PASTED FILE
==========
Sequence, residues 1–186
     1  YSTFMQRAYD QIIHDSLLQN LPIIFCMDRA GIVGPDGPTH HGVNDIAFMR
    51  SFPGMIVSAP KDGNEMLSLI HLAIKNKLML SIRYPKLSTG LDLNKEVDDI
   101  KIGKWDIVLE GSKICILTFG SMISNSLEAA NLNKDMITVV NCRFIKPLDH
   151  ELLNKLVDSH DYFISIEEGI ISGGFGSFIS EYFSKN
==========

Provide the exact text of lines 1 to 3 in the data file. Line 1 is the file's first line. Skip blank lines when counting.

Sequence, residues 1–186
     1  YSTFMQRAYD QIIHDSLLQN LPIIFCMDRA GIVGPDGPTH HGVNDIAFMR
    51  SFPGMIVSAP KDGNEMLSLI HLAIKNKLML SIRYPKLSTG LDLNKEVDDI